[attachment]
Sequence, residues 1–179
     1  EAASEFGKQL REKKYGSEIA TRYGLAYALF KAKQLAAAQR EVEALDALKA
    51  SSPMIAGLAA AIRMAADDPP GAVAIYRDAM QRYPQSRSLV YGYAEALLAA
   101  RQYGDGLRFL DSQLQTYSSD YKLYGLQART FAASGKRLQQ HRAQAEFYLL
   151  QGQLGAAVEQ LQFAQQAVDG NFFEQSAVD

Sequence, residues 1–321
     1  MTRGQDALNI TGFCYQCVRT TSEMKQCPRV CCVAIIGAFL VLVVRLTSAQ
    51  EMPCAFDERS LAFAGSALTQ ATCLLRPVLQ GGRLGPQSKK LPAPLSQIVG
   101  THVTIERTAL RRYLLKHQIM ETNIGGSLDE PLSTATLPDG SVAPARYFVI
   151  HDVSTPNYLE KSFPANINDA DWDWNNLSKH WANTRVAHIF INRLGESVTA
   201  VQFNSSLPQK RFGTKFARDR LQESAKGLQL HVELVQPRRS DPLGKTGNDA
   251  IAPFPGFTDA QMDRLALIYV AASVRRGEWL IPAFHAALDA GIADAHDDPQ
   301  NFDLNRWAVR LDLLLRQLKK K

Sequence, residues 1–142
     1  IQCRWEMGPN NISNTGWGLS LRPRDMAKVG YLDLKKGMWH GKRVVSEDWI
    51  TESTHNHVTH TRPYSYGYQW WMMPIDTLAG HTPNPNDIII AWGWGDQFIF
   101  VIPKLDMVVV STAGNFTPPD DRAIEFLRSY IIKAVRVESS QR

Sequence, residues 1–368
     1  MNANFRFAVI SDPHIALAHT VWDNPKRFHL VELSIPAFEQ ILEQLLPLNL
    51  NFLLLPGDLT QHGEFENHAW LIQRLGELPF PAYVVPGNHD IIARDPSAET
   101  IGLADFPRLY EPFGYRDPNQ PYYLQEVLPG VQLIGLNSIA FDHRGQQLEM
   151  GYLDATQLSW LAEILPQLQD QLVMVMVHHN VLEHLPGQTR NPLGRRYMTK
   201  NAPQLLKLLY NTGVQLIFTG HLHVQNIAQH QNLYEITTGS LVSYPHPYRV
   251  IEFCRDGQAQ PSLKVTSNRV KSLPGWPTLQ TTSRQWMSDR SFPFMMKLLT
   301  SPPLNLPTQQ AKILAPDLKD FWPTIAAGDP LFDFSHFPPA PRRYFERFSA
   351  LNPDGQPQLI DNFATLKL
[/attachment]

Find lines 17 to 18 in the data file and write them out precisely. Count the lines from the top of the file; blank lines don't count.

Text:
   101  VIPKLDMVVV STAGNFTPPD DRAIEFLRSY IIKAVRVESS QR

Sequence, residues 1–368